Air pollution, TLRs, diabetes


TLRs and cars




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Created date

November 25, 2018

Critical Commentary

Caption: This image from a recent article in the journal Diabetes represents what the authors call a "hypothetical framework" by which TLRs (my favorite semiotic bridge and pattern-recognizer) transduce air pollution into chronic disease conditions like diabetes and heart disease. 

The scientific persona of the "modest witness" that requires the authors to designate such an image as "hypothesized" is somehwat at odds with the genre of the scientific illustration and the air of definitiveness and literalness in its iconic mechanicity.  The figure in Figure 2 is clearly male, illustrating an ongoing problem in both journal illustrations and biomedical research itself, both of which normalize and naturalize maleness. Our dude here is seen eating a hot dog, sub, or cheese steak sandwich--these may not be differences that make a difference-- and the accompanying text highlights the synergistic role that "overnutrition" plays (hypothetically, I remind you) in exacerbating the connections between the air-pollution-pattern of an "environment" and the inflamed-diseased-organ-pattern inside our bodies.

I can't say for sure (I'm a modest witness, too) but I'll go out on a limb and say you would not have found an image like this, bringing cars and factories together with cytokines and livers within a single frame, in a major biomedical journal even just five years ago.  The isolated TLR in the previous slide is now almost lost in a complex translational shuffle. I chose this image -- not a useful visualization in the laboratory, but more a mechanism of visual communication -- because it depicts these new patterns of complexity, on multiple scales.  They are the collective result of new inter- and trans-disciplinary research efforts among immunologists, cardiologists, diabetes researchers, geneticists, biochemists, toxicologists, epidemiologists, and others.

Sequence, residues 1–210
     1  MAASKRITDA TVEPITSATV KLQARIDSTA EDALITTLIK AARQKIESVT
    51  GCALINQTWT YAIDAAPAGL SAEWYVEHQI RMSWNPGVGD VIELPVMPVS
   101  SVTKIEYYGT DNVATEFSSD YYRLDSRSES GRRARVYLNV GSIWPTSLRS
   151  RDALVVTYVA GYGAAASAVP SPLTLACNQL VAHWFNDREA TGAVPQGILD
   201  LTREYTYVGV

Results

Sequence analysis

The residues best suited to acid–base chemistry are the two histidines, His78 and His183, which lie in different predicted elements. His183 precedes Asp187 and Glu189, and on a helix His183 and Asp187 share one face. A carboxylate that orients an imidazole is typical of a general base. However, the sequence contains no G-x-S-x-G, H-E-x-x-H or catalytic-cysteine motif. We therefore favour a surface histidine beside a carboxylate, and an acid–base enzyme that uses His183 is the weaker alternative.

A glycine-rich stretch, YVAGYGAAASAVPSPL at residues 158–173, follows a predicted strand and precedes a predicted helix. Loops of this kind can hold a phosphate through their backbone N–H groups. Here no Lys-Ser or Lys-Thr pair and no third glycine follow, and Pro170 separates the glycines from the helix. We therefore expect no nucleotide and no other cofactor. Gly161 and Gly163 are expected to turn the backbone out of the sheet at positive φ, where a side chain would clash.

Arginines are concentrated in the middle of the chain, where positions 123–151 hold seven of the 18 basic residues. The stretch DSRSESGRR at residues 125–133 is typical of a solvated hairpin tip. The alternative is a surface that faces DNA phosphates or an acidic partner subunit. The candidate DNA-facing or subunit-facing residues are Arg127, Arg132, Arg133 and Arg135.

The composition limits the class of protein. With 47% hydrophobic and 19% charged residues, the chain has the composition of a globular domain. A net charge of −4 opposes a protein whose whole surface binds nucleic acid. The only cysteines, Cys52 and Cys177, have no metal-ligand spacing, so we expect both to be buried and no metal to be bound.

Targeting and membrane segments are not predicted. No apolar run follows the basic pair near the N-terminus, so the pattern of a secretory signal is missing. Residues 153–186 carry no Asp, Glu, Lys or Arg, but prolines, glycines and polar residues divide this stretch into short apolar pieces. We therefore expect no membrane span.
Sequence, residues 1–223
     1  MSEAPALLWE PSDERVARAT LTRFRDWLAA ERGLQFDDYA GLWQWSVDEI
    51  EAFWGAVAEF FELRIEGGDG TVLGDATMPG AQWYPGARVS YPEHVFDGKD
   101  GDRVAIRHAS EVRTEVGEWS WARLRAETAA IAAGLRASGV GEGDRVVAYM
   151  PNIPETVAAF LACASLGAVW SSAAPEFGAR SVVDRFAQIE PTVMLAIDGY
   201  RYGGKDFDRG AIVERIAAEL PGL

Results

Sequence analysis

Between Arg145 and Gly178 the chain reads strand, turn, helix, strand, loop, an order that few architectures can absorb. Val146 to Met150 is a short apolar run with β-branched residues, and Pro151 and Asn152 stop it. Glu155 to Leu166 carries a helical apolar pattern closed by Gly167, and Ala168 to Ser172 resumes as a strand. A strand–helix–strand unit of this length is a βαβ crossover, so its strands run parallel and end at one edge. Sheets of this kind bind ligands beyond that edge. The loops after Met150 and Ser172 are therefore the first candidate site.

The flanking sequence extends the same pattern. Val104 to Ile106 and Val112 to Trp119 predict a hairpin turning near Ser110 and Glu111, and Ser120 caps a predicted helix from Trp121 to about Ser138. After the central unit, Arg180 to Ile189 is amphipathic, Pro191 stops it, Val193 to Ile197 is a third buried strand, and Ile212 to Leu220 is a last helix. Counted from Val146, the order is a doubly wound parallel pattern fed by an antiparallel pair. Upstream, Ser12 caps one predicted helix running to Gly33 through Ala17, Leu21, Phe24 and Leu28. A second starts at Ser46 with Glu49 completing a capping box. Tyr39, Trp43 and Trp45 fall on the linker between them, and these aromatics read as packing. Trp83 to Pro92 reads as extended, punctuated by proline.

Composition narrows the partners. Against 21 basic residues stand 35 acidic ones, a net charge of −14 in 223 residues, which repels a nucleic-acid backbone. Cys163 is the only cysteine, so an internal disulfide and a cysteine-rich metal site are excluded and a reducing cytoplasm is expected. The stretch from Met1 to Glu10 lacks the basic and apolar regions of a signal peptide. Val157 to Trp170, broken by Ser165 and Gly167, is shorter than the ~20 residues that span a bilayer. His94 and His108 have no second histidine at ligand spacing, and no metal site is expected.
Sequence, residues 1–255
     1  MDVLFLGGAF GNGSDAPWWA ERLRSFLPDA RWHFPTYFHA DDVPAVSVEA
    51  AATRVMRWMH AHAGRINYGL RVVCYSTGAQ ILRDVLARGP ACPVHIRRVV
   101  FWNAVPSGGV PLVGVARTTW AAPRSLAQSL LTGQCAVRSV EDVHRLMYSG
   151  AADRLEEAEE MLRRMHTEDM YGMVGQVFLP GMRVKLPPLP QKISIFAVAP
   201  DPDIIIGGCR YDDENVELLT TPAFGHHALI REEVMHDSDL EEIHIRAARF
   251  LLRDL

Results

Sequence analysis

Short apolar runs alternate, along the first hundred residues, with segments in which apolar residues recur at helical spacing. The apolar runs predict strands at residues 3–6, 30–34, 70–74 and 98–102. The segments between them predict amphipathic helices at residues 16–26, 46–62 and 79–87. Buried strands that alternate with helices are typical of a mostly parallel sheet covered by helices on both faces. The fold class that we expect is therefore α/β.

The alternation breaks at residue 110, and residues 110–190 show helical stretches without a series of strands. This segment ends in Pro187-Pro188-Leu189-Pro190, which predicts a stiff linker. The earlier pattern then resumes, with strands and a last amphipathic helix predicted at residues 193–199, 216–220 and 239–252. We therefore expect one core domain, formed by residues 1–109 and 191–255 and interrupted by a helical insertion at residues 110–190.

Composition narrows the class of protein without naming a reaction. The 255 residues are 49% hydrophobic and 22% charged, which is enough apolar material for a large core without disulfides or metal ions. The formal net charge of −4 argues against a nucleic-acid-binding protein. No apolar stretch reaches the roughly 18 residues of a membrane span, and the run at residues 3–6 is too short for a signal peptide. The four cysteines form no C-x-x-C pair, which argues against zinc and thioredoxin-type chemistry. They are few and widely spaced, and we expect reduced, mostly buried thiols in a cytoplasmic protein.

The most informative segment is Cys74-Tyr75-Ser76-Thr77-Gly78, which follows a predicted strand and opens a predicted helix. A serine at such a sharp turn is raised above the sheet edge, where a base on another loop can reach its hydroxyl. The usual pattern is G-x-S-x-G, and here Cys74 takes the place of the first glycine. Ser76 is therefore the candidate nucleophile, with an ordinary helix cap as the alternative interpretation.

Design statement:

This image conveys how the community of practice Fortun studies (environmental health scientists) themselves understand and visualize (“illustrate” might be better) their “object of concern” -- here, how “cardiometabloic diseases” is a multi-scale, emergent product of complex ecologies and systems.  It also directs attention to changing patterns  in how objects like toxicity and their associated disease states are understood: toxic causes (factories, cars, eating habits) multiply into new patterns, imbricated with new patterns of in-body objects (organs, tissues, receptors, molecules).  Those interconnected patterns point in turn to another: scientists representing an increasing number of disciplines (pulmonologists, immunologists, geneticists, epidemiologists), each with their own technologies, styles, interests, and research traditions, coming into new patterns of collaboration, shaped by changing patterns of (largely) public research support.


A relevant part of the text reads:

Fig. 2 provides a hypothetical framework for these interactions and illustrates how inhalational stimuli may interact with overnutrition to entrain a state of chronic oxidative stress and inflammation...Teleologically, it is thought that pattern recognition receptors were meant to represent a crude but critical early-warning system to rapidly sense changes in lung microenvironment but also, equally importantly, to dissipate early to prevent unfettered inflammation. Thus, the notion that continual activation of these receptors may occur in a feed-forward manner and in concert with other stimuli without dissipation may be somewhat simplistic. However, it is also true that as humans, we did not evolve to be continually exposed to dietary and inhalational stimuli over the years, and such chronic exposure in vivo may have very different effects that we insufficiently understand. 


Rajagopalan, Sanjay, and Robert D. Brook. 2012. “Air Pollution and Type 2 Diabetes.” Diabetes 61 (12): 3037–45.